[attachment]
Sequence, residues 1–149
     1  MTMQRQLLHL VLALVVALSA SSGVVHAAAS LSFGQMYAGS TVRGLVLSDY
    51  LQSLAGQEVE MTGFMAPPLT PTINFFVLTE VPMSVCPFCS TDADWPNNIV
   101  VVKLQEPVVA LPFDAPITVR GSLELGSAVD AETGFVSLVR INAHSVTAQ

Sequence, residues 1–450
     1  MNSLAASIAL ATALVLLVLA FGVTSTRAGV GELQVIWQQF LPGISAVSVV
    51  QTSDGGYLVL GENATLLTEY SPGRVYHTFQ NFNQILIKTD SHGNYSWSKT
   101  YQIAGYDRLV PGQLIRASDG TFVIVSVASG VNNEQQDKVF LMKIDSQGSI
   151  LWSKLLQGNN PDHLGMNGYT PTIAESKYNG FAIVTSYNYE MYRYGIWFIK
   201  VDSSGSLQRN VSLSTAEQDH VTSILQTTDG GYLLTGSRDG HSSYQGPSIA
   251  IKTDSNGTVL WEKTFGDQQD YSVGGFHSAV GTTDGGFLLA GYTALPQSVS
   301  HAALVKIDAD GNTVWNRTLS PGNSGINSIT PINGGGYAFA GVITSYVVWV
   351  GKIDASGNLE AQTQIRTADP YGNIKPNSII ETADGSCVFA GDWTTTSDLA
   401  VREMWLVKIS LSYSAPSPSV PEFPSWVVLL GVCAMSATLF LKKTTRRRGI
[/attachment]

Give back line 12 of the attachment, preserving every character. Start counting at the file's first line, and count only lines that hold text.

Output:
   301  HAALVKIDAD GNTVWNRTLS PGNSGINSIT PINGGGYAFA GVITSYVVWV